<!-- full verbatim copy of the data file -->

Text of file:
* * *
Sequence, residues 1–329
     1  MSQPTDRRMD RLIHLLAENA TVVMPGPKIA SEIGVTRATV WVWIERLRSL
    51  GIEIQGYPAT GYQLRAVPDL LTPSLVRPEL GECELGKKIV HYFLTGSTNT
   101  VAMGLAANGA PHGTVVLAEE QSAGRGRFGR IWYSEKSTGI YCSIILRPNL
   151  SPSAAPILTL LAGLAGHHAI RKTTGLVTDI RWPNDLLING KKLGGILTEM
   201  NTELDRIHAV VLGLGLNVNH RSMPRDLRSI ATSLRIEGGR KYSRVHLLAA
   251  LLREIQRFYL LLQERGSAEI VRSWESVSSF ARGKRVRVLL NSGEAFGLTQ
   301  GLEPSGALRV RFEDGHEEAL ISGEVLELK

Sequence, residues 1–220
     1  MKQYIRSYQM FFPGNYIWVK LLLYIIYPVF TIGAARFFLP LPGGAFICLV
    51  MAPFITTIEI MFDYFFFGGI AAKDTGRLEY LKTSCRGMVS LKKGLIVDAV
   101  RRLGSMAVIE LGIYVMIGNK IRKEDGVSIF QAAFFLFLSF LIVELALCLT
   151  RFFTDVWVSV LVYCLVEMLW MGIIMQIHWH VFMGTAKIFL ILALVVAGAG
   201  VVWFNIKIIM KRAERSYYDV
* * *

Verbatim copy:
Sequence, residues 1–329
     1  MSQPTDRRMD RLIHLLAENA TVVMPGPKIA SEIGVTRATV WVWIERLRSL
    51  GIEIQGYPAT GYQLRAVPDL LTPSLVRPEL GECELGKKIV HYFLTGSTNT
   101  VAMGLAANGA PHGTVVLAEE QSAGRGRFGR IWYSEKSTGI YCSIILRPNL
   151  SPSAAPILTL LAGLAGHHAI RKTTGLVTDI RWPNDLLING KKLGGILTEM
   201  NTELDRIHAV VLGLGLNVNH RSMPRDLRSI ATSLRIEGGR KYSRVHLLAA
   251  LLREIQRFYL LLQERGSAEI VRSWESVSSF ARGKRVRVLL NSGEAFGLTQ
   301  GLEPSGALRV RFEDGHEEAL ISGEVLELK

Sequence, residues 1–220
     1  MKQYIRSYQM FFPGNYIWVK LLLYIIYPVF TIGAARFFLP LPGGAFICLV
    51  MAPFITTIEI MFDYFFFGGI AAKDTGRLEY LKTSCRGMVS LKKGLIVDAV
   101  RRLGSMAVIE LGIYVMIGNK IRKEDGVSIF QAAFFLFLSF LIVELALCLT
   151  RFFTDVWVSV LVYCLVEMLW MGIIMQIHWH VFMGTAKIFL ILALVVAGAG
   201  VVWFNIKIIM KRAERSYYDV